I learned to stop knocking on the doctors’ doors. I know now that the future is a gift simply because it is always a mystery prize. That 8-Ball, that black sphere I’d prayed for was only a toy.

Dear Lauren Slater, you need to find the answer within yourself. Plain and simple.

I hope MIA readers read Blue Dreams cover-to-cover because it’s truly well worth it — a satisfying read that, like Slater’s other books, I would certainly give five stars to if I were forced to give stars (don’t you hate that?). You are likely, also, to have a visceral reaction to it, perhaps empathy for the writer, as I did.

I had another reaction. Alexander Vukovic, whom Slater interviewed extensively in her research, adding a unique personal touch; he was not my own psychiatrist, but he had treated someone near and dear to me. He had treated my late boyfriend, Joe, both on North Beknap and in the outpatient clinic. It was Joe who had called Dr. Vukovic “Dr. V.” Vukovic had prescribed the supposed “life-saving” drug Clozaril to many patients. He also prescribed Prolisec (for “side effects”). Undoubtedly, Vukovic knew that both these drugs damage the heart. I’m sure he also knew that many patients turned to smoking to relieve akathesia from Clozaril.

The last time I saw Dr. Vukovic, almost 15 years ago to this day, was when he attended Joe’s funeral. Joe died at the young age of 45. I remember shaking Vukovic’s hand. I was drugged, dazed, and clueless. Looking back, now that so much has happened, miles and years away, that day seems like a stained-glass window etched in the center-plate of a book.

At the funeral the priest spoke of peaks and valleys in our lives, and of journeys. We sang Amazing Grace.

Dear Lauren Slater: Reading your memoir, I know that perhaps someday you will be a fantastic activist, or you could be one. I suggest that you keep up your writing always. Learn to step outside of the doctor’s office. Turn the page. Live.

How sweet the sound.

140 COMMENTS

  1. Dear Julie,
    Thank you for this piece. I always wondered where Lauren Slater was and I was afraid she was one of those who would continue to drink the cool aid. I also enjoyed reading about your own journey away from drinking the cool aid.
    The journey you have taken and I as well was hard and st times still hard but with as much empathy and some writer’s envy as I have- I am so so glad I did not continue the way she has.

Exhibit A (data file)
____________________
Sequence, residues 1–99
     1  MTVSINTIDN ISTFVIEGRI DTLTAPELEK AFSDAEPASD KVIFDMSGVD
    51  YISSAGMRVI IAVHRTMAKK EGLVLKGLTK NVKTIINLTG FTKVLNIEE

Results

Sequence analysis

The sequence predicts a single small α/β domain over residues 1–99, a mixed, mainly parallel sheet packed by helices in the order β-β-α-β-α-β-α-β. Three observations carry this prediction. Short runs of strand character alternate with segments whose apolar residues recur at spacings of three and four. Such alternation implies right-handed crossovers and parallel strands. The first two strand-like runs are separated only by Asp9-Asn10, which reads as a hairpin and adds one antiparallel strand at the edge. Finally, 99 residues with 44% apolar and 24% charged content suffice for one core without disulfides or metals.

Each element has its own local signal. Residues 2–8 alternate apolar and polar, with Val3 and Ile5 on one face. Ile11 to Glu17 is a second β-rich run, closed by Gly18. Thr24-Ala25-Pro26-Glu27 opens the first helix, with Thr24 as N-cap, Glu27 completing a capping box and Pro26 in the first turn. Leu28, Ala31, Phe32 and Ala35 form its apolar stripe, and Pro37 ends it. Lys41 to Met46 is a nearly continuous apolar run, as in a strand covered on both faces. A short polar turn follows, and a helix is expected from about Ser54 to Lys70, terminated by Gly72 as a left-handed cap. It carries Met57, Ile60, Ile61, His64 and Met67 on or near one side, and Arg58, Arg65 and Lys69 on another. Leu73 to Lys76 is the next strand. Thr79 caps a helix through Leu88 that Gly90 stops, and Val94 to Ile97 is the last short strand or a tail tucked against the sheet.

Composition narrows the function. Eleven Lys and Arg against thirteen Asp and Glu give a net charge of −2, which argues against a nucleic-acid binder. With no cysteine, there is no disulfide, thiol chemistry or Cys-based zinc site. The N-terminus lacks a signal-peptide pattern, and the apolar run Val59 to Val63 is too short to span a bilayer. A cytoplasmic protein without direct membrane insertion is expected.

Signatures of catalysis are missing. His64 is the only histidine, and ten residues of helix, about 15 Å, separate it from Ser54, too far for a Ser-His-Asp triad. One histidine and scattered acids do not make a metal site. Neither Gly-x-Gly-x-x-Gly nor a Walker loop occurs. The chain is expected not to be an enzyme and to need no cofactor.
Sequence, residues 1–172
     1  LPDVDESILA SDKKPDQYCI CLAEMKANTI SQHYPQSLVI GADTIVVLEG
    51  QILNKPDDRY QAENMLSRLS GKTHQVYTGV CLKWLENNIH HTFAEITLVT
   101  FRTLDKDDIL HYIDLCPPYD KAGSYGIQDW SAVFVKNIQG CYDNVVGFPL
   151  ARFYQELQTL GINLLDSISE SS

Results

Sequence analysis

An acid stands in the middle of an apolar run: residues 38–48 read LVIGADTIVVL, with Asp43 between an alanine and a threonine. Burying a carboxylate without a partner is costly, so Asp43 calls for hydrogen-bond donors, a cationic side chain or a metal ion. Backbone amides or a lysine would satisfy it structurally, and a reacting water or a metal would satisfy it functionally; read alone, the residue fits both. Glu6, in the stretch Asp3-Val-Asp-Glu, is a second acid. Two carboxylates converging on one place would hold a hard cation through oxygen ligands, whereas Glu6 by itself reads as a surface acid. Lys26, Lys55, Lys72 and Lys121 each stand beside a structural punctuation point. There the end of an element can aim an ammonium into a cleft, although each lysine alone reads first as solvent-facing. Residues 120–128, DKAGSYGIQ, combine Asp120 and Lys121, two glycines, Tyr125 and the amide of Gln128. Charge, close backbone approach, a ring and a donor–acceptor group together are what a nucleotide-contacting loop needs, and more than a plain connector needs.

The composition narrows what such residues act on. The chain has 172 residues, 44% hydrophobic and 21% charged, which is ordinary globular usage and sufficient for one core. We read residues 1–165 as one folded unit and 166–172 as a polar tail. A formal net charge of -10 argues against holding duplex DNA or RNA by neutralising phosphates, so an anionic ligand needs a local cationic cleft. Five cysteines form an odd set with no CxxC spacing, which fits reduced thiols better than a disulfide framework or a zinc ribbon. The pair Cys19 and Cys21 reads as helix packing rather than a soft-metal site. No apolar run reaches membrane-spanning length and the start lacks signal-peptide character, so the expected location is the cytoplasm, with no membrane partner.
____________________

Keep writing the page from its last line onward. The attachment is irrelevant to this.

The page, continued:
And I do appreciate your empathy and realization in the past we were hoodwinked. And the painful aspect is it is s Hood one can only remove by one’s self. And sometimes for many and for many reasons the Hood is the only option seen and or given.
    Your writing hits a painful chord. Lauren came to a local college to speak and was a demigod to an old close friend.
    Because of her, (LaureSlater)my old friend and others did their own ignorant intervention when I told folks I was thinking on separating.About five people were involved including my husband albeit they pulled him in. The intervention went down badly for me and I suspect with hindsight them. I have never ever been the same. There was the me before and there is the me now. My mother was called and she was dealing with a disabled husband and a dying daughter and I was contacted. See a psychiatrist. Implied wax you need medication.
    The trauma of that month made me want to take meds because I felt so NOT ME anymore. And down the rabbit hole I fell.
    It took months for my husband to admit what they had done. He was a StageIII cancer survivor and my sisters terminal illness and his post treatment side affects really made him less than what he had been. We have been back and forth. He is more able to see his role and we have some what but not yet totally resolved our relationship.
    My dying sister never thought I was crazy- She knew the details. But they never asked her.
    So I have always felt Lauren Slater had for me and maybe others a weird non involved but influencer type of role in my life.
    She is like NAMI others in needsee her and those as pathways where in reality they are error prone as all humans.
    I am not surprised at how she is doing. And I am for sorry for that. I hope she can see the light some day.

      • Rachel I am not sure what one would call it. And there are still gaps in my understanding because there are walls of silence around that and other things.
        All I know is that I had this friend who was very influenced by Lauren Slater in graduate school. She and others staged this meeting where multiple where aware of what was going to go down. The worst aspect is a a liscenced Social Worker I would never do such a thing to someone and I had already had sought out support. They actually gave my mother a list of shrinks so the message was medication. Not support.
        The really strange layer and their were and still are many is that a relative was trying to withdraw from a med and I was supportive at the very same time.